A bunch of things happened recently that made me believe more in the observation of … people observe the SAME things but think, react, and feel DIFFERENTLY. And acting differently manifests in different opinions, emotions, and behaviors. So I think part of the reason why some people think that the glass of milk is half full and others half empty, is because that’s what they want to see. What are things that constantly bugs you in the world or consistently makes you feel crappy? Perhaps it’s the way you are seeing the situation and you might have an opportunity to start practicing another intepretation that makes you feel better. So let me share what I’ve been noticing.

People observe same things but think, react, and feel differently. I was in a meeting the other day and presented the data around average start-up costs for a business. It’s roughly $6K for an individual and $20K for a group of people. Steven, a vice president of strategy, interpreted those numbers as pretty high, considering that most people have a hard time saving money and instead are constantly living paycheck to paycheck. Brad, a senior vice president, interpreted those numbers to be really low, that it only takes some pocket change to start a business? The only way for us to find the right interpretation was to ask the real judge, people starting small businesses. To them, this amount money is a lot.

Expert sources. both Tony Robbins and a guru-coach by the name of James Flaherty believe that this a key input to helping people improve. But they explained it in slightly different ways. Tony explains these principles in terms of meaning. What are your definitions of life, relationships, or your own identity? If you believe that humans are creatures of consistency, then humans will do what it takes to make those definitions come alive for themselves. So if you see life as a challenge, you will probably seek out challenges. If you see life as sustaining deep relationships, you will probably spend lots of time nurturing the closest people in your life. So if you hit a wall in life, Tony recommends changing a definition or meaning that isn’t working for you anymore. James uses the word interpretation instead where coaches need to be aware of the different interpretations that a client has to things. To see which interpretations are like roadblocks, keeping clients from their goals.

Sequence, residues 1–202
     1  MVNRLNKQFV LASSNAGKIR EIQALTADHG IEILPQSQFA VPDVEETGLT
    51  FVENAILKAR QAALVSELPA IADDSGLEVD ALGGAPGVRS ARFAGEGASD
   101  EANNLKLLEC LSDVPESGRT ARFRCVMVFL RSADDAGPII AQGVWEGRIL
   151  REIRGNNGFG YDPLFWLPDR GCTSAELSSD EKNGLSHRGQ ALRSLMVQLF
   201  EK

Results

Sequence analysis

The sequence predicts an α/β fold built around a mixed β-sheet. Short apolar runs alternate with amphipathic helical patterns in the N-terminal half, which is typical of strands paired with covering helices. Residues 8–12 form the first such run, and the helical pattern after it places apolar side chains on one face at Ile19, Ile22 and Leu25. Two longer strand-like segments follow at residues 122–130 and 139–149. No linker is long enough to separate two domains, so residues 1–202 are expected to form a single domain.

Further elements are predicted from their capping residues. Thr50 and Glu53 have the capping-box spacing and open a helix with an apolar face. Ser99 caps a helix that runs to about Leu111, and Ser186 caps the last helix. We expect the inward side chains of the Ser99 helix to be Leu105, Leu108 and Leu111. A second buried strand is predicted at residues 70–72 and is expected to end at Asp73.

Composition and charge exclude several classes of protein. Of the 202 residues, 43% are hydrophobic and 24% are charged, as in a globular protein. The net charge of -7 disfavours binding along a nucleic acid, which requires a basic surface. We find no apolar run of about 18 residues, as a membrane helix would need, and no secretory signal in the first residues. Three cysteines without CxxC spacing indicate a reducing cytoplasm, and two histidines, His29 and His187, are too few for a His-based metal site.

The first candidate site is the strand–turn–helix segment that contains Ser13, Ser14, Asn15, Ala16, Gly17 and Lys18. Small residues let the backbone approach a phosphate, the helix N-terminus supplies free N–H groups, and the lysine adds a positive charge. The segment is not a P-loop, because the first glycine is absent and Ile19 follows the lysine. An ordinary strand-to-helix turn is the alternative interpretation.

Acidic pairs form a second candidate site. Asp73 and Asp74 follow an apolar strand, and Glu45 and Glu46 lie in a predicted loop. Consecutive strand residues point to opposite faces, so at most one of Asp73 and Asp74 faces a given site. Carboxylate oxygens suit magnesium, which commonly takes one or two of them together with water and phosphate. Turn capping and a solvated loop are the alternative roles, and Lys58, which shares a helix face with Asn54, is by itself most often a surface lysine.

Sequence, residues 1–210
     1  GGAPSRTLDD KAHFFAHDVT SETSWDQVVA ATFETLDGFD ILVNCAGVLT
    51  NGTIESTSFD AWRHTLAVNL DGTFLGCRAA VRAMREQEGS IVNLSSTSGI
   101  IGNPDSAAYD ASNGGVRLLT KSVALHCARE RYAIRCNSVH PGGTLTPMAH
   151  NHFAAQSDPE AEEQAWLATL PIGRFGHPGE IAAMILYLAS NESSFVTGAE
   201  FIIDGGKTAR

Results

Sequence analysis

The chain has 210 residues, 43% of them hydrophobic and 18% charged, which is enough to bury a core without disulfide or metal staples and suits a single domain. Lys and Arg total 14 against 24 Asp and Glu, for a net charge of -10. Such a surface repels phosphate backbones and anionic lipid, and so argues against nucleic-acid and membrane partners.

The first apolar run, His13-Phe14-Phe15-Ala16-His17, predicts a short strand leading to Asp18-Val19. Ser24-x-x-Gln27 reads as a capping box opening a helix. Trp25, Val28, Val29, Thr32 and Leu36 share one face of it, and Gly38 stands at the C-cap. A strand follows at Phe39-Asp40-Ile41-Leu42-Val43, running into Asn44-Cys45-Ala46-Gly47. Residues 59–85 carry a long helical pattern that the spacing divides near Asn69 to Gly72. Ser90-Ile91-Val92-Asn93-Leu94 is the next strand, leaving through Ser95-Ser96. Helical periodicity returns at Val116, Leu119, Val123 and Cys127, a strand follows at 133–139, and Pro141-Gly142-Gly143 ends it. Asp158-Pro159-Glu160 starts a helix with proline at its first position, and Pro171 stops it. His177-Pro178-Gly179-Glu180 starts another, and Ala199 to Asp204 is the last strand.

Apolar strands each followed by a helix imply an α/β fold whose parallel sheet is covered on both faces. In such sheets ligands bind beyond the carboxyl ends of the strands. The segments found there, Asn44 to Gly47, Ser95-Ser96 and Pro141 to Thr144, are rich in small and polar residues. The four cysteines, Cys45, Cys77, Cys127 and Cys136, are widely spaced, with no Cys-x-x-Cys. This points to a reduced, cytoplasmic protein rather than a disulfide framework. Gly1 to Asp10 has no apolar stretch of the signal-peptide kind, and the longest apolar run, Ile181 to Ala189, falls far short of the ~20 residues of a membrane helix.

An example I’ve noticed. Now that I’m finishing up the 2 year rotational program, we’ve been given a list of potential full-time jobs that we could seek. At first glance, the list was pretty shabby for my interests … loosely jobs with more forward-thinking, tackling brand new problems, and in a environment that is very adaptable and light on its feet. There was only 1 of these jobs. For a week or so, I was a bit troubled that there was only one and that it somewhat lacked the people development stuff that I’ve been eager to spend more time in. This was my interpretation of the list and the options I’ve had.

During week two, I felt much more uneasy. Some recommended that I take some time off to explore the people development avenue, whereas some recommended that this one job could give you some competencies that would be helpful in coaching … especially since it an environment with lots of change (people tend to stress in change), responsibility, and uncertainty. So day by day, my opinion would waiver and I’d tell people very different things from one hour to the next!

Fortunately, I thought about this stuff and realized that my interpretation of what’s been going on was stressing me out. Taking a step back, I realized a few things that put me to ease:

  • I’m lucky to have a lot of caring people around me to help me through these decisions
  • I have good options … there is a job that is a potentially a good candidate for me and a good backup option, taking leave, that I would look forward to as well.
  • So what’s the worst thing that could happen? nothing really…
  • I’m fortunate to know what I want to be doing in the future … directionally. This way, with either of these options, my attention in that job or during leave would be around this direction.
  • Got some money in the bank so that I could cruise for a bit … but not forever.

So as a result, changing my intepretation, put me to ease. I’ve been able to enjoy my days much better — without this stuff on the back of my mind. I feel less stressed about a decision where I have really good options — no need to stress so much. So yes, you could call this brainwashing yourself or giving yourself more perspective with a hint of optimism.

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